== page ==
“Realizing that we were both working on the same topic, we decided to merge our database,” Bauer recounted in an email.
Their conclusions are based on Bingham’s notes and other documents related to his work at the site, as well as early maps and atlases describing the area and field documents, which were held in regional, national and Spanish archives. .
According to the researchers’ paper, an “extraordinary document” from 1588 laid out the concerns of the Spanish invaders, who feared that the region’s natives were planning to abandon Cuzco and “reoccupy” a site they called Huayna Picchu.
The findings come as no surprise, said Bruce Mannheim, a professor of anthropology at the University of Michigan, who was not involved in the research but knows the two authors and was formerly Professor Bauer.
“They are two very distinguished and exceptional scholars who are very attentive researchers,” Mannheim said. “I take everything you write seriously.”
Mannheim pointed out that anthropologists and historians who have studied documents about the area have found writings that reveal the city’s original name, but scholars have written nothing about the name or pressed the issue.
“There is nothing to be gained by correcting tour operators,” Mannheim said. “In fact, we would be controlling other people’s use of the language and nobody wants to do that.”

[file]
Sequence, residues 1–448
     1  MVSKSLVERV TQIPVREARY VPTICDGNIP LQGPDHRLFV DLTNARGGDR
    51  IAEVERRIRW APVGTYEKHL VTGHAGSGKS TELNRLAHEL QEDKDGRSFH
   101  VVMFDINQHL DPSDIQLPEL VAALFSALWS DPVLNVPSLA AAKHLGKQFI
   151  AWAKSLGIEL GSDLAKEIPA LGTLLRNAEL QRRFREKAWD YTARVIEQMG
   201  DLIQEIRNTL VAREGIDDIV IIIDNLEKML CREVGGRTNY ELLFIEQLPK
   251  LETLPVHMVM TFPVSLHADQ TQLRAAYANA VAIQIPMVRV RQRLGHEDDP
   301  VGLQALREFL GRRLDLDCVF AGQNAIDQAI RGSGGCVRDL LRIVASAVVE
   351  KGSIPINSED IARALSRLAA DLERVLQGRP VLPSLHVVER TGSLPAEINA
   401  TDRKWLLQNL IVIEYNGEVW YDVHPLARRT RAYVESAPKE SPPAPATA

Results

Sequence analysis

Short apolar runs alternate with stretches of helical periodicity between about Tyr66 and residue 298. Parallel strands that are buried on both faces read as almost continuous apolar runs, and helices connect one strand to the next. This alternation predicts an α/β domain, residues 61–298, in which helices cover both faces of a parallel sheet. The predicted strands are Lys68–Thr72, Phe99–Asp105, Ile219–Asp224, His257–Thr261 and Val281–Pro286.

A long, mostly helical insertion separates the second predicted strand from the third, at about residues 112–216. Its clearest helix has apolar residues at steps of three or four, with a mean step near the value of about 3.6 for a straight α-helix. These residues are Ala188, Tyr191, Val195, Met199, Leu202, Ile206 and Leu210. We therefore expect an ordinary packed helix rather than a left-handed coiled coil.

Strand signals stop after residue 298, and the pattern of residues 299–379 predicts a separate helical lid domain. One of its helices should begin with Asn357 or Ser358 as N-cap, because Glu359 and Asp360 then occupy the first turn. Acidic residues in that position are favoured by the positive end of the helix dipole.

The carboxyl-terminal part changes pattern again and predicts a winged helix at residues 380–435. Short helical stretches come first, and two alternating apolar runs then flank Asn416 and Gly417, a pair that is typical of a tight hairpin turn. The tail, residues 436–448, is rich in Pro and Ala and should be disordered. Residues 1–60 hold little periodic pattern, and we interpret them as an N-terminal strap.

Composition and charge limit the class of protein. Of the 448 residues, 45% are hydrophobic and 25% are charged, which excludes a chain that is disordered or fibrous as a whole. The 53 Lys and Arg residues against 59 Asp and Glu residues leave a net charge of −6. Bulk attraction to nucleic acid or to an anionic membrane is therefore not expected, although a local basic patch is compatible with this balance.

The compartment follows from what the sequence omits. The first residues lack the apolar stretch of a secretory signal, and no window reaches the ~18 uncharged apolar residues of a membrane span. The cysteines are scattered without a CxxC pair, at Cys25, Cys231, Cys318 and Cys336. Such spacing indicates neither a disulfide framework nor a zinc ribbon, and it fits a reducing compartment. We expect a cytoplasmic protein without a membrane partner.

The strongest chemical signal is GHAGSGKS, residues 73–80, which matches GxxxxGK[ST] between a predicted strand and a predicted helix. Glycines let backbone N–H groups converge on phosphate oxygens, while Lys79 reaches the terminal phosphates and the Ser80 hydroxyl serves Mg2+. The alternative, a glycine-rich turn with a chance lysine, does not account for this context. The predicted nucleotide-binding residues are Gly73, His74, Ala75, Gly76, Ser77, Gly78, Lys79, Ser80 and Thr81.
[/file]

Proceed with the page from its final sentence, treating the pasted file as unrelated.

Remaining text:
Still, it’s good to document the original name in an academic record, he said.
Amado Gonzales said it would be an “exaggeration” to say it was a mistake to call the city Machu Picchu all those years ago.
“The city, the Inca city, is under the jurisdiction of Huayna Picchu,” he said.
However, Machu Picchu is not a term coined by Bingham: it is the Quechua name for the tallest mountain peak that flanks the ancient site to the south. Huayna Picchu is the name of the smallest peak to the north.
According to Amado Gonzales, there were Inca archaeological remains at the top of Machu Picchu, and 19th century documents indicate that locals also called the city Machu Picchu.
In other words, tour operators don’t have to start correcting themselves.
“There is no need to change the name,” said Amado Gonzales.
The name Machu Picchu is so ingrained in the public and part of Peru’s identity that it is unlikely to be replaced, said Natalia Sobrevilla Perea, professor of Latin American history at the University of Kent .
“In a sense, there’s not that much of a difference,” he said. “Both are native names. It’s not that a Spanish name has been changed to an indigenous name.
The Peruvian government and people of the country are “very attached” to the name of Machu Picchu as a “national and archaeological symbol”, said Sobrevilla Perea.
“It is one of the seven wonders of the world,” he concluded. “It’s something Peruvians are very proud of.” The Inca fortress of Machu Picchu in the southeastern Andes of Peru, May 25, 2011. (Piotr Redlinski/The New York Times) The Inca citadel of Machu Picchu in Peru, May 25, 2011. (Piotr Redlinski/The New York Times)